# SmoothDensityHistogram with logarithmic density

Is there a simple way for making SmoothDensityHistogram plots have logarithmic scaling for the density? With DensityHistogram it's a simple matter of {"Log","PDF"} for the hspec argument, but SmoothDensityHistogram doesn't have a native option.

-
ScalingFunctions -> "Log"? – Rahul Feb 21 '14 at 5:00
For some reason that doesn't work for me. Try: data = RandomVariate[BinormalDistribution[.5], 100000]; DensityHistogram[data, Automatic, {"Log", "PDF"}] versus SmoothDensityHistogram[data, ScalingFunctions -> "Log"]. The second plot doesn't return anything resembling the first. – Mohammed AlQuraishi Feb 21 '14 at 15:21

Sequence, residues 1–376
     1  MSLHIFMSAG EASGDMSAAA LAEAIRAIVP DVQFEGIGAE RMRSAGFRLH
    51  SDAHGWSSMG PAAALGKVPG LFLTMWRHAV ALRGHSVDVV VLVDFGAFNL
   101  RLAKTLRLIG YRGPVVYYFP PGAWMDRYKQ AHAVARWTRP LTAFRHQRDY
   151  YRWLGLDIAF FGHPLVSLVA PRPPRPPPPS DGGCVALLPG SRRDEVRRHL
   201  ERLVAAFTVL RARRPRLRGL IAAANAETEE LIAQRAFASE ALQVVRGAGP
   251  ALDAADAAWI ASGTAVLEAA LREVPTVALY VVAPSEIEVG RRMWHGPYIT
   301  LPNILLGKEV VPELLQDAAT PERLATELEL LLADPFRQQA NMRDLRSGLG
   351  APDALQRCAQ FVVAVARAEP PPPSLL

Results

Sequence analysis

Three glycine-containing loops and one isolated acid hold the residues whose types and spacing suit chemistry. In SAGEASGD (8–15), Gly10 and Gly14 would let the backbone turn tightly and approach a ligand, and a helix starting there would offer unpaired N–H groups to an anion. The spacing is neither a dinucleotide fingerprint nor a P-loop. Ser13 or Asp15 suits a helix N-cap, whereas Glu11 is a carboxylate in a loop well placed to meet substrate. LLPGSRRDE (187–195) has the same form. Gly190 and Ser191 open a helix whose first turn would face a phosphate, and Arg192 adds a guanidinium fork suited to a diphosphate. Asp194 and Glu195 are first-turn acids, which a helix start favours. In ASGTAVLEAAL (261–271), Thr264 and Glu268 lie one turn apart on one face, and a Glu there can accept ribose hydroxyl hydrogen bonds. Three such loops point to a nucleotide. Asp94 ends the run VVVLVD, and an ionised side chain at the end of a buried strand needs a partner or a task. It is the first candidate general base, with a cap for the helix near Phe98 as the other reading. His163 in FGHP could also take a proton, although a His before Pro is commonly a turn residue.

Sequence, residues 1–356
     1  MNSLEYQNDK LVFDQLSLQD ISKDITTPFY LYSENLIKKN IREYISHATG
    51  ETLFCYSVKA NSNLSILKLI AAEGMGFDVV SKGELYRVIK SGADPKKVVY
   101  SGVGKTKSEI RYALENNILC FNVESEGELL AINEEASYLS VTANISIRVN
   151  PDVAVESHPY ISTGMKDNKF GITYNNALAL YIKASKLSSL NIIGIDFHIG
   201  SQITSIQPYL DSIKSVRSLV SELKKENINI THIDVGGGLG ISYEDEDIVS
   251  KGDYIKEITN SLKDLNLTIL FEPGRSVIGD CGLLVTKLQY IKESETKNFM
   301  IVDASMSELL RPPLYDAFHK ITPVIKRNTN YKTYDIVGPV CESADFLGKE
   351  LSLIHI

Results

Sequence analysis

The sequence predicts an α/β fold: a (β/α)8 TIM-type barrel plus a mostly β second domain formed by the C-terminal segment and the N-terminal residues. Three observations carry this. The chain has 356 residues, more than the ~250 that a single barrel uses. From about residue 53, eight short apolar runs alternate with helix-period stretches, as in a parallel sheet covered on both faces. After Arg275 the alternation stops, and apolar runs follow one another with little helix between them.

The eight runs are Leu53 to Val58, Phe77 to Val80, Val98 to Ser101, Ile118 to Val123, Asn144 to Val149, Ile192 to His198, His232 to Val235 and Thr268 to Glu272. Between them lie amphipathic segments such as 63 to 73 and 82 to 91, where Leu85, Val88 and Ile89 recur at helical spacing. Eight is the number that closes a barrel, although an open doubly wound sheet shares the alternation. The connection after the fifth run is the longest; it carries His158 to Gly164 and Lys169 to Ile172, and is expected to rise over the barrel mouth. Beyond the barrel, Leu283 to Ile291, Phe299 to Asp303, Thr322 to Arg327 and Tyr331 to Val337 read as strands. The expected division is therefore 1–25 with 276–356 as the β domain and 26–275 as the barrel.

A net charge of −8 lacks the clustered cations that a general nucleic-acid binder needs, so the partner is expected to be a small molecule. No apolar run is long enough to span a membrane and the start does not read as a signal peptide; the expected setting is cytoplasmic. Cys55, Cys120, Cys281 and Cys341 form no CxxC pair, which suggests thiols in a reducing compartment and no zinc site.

It's just choosing a weird plot range because the density is nearly 0 (so the log tends to $-\infty$) in most of the plot. With for example PlotRange -> {-5, Automatic} you get what you expect. – Rahul Feb 21 '14 at 17:19
Yes I see. I suppose the real problem is not the lack of a "Log" option but the lack of a "Count" option. DensityHistogram allows for "Count" in hspec which plays nice with "Log", but "PDF", by definition, doesn't. – Mohammed AlQuraishi Feb 21 '14 at 21:05

Use ScalingFunctions -> "Log". However, as the value of the log-PDF tends to $-\infty$ away from the data, you'll have to set the PlotRange manually to get a reasonable-looking plot.

data = RandomVariate[BinormalDistribution[.5], 1000];
SmoothDensityHistogram[data, ScalingFunctions -> "Log", PlotRange -> {-4, Automatic}]


For comparison:

DensityHistogram[data, Automatic, {"Log", "PDF"}]


It would be nice to have an automatic way to pick the lower bound, but that will depend on the number of data points and the spread of the data. Maybe if you can find out the bandwidth of the kernel function being used by SmoothDensityHistogram you can get the right value, but I don't know how to do that.

-